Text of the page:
“During the winter months, many families turn to heating sources they might not use at other times of the year,” said Deborah Hanson, director of external affairs for First Alert, one of the most recognized safety brands in America. “While these devices may be effective at providing warmth, they also can pose great risks if not used properly. To help protect loved ones and belongings from harm, it is important for homeowners to take proper precautions when dealing with any kind of alternative heat source.”
Experts recommend the following tips and tools for keeping your home and loved ones warm – and safe – this winter:
Protect Against CO Poisoning
- Run kitchen vents or exhaust fans anytime the stove is in use. The kitchen stove is among the most frequent sources of CO poisoning in the home. To help eliminate danger of overexposure, always run exhaust fans when cooking, especially during the holidays when stoves are left on for longer periods of time. Also open a nearby window periodically when cooking to allow fresh air to circulate.
- Never use generators indoors. In the case of a power outage,portable electric generators must be used outside only. Never use them inside the home, in a garage or in any confined area that can allow CO to collect. And,be careful to follow operating instructions closely. Also refrain from using charcoal grills, camp stoves and other similar devices indoors.
- Have fuel-burning appliances inspected regularly. Arrange for a professional inspection of all fuel-burning appliances (such as furnaces,stoves, fireplaces, clothes dryers, water heaters and space heaters) annually to detect any CO leaks.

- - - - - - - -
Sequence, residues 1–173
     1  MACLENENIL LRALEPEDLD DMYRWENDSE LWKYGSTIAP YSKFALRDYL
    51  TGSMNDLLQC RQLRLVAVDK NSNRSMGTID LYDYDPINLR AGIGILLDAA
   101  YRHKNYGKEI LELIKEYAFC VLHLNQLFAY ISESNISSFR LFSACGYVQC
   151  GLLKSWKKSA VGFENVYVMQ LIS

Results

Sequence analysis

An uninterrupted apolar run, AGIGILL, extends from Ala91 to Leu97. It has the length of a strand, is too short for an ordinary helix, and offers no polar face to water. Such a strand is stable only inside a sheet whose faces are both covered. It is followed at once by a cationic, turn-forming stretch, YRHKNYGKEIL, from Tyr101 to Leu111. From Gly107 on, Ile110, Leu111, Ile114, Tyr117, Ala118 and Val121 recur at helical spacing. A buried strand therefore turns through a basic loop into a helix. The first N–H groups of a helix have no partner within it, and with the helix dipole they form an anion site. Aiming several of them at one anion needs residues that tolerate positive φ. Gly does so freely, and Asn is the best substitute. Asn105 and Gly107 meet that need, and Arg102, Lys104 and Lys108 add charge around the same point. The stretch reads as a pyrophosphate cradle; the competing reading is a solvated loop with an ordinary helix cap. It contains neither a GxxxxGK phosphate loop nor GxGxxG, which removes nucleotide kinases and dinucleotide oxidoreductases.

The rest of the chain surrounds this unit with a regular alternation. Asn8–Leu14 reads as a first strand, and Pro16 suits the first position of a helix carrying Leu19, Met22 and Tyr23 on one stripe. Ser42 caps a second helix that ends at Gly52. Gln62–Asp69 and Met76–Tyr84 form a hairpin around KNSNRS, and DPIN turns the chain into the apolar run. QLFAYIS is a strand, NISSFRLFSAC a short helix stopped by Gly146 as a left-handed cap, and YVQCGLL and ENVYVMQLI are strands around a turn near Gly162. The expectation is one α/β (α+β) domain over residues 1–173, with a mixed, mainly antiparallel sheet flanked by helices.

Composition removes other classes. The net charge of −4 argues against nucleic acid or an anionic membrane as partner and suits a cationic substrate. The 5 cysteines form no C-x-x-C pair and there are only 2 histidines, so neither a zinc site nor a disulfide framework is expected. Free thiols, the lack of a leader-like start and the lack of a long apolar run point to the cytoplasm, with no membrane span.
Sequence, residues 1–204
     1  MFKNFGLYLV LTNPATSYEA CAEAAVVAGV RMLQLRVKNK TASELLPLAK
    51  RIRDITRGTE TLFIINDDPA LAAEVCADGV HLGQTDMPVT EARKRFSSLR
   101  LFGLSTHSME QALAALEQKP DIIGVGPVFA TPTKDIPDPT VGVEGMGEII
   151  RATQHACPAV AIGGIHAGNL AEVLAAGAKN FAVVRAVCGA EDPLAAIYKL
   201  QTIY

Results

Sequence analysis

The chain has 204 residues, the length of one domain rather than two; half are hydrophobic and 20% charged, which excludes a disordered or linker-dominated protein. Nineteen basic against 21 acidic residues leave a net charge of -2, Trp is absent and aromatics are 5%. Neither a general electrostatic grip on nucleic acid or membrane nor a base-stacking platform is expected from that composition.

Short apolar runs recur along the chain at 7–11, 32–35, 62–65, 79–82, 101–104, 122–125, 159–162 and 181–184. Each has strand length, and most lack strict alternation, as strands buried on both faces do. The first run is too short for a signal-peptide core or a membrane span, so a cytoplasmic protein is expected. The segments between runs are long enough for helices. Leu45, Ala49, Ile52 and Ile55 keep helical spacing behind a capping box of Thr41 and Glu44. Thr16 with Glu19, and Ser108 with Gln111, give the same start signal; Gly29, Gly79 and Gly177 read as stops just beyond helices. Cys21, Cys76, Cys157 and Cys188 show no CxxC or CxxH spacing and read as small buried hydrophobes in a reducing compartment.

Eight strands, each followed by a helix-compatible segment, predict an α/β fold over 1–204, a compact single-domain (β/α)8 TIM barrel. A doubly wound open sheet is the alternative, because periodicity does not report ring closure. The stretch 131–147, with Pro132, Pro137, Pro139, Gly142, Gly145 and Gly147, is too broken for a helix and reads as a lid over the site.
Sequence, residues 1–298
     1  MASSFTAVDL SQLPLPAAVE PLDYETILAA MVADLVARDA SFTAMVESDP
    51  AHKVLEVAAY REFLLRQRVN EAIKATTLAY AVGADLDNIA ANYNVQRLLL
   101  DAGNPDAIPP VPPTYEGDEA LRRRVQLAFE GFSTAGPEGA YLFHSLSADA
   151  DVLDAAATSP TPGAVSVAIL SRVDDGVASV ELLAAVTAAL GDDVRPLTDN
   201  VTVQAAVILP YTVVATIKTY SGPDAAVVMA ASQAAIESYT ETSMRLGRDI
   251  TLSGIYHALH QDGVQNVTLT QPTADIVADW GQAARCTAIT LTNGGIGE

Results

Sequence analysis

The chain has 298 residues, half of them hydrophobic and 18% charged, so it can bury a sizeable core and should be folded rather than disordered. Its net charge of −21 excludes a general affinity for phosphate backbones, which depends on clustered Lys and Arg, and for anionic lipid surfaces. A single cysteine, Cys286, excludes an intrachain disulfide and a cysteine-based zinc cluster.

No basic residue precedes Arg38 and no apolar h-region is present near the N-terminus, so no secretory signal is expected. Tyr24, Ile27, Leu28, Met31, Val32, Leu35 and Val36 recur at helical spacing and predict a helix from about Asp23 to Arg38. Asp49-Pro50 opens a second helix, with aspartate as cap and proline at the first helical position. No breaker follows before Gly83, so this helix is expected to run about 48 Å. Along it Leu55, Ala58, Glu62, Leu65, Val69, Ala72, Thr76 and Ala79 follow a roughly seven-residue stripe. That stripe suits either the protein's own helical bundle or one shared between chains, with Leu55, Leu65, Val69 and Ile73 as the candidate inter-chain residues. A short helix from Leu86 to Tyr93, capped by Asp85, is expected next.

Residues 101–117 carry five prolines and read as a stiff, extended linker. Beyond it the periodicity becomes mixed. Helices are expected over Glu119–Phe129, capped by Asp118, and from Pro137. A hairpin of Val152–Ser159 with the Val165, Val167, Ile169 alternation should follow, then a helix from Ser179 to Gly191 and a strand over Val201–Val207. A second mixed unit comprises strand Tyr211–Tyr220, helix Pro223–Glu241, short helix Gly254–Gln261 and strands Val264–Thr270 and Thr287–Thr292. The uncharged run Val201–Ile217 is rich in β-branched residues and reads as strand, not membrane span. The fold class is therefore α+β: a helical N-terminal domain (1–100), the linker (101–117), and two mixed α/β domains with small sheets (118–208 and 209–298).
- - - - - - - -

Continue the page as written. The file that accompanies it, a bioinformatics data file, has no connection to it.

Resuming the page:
- Install/test CO alarms. CO alarms are the only way to detect this poisonous gas,yet nearly one-half of Americans report not having CO alarms in their homes1. For as little as $25, a First Alert CO alarm can help protect a home and family from potential tragedy. Install alarms on every level of the home and near each sleeping area for maximum protection. Test alarm function monthly and change batteries every six months.
- Be mindful of the garage. Running vehicles inside an attached garage, even if Theodor is open, is hazardous, as CO can leak into the home.
- Know the number. Call 911and leave the home immediately if the CO alarm sounds.
Additional CO Alarm Guidelines
- Clear CO alarms of all dust and debris.
- Ensure that alarms are plugged all the way into the outlet or, if battery operated, have working batteries installed. Check or replace the battery when you change the time on your clocks each spring and fall.
- Make certain each person can hear the CO alarm sound from his or her sleeping room and that the sound is loud enough to awaken everyone. If young children are in the house, consider a new Child Awakening Smoke and CO combination alarm from First Alert. Studies have shown that children ages six to 10 wake more easily to a voice than to the traditional audible beep of an alarm.
- Make sure the alarms are installed at least 15 feet away from sources of CO to reduce the number of nuisance alarms.
So why not enter to win a First Alert VOICE Combination Smoke & Carbon Monoxide Alarm and rest assured that your family is safe during the winter months.
Leave a comment of why you would like to win this product.
Good Luck! Winner will be announced January 10, 2012 after 10pm EST!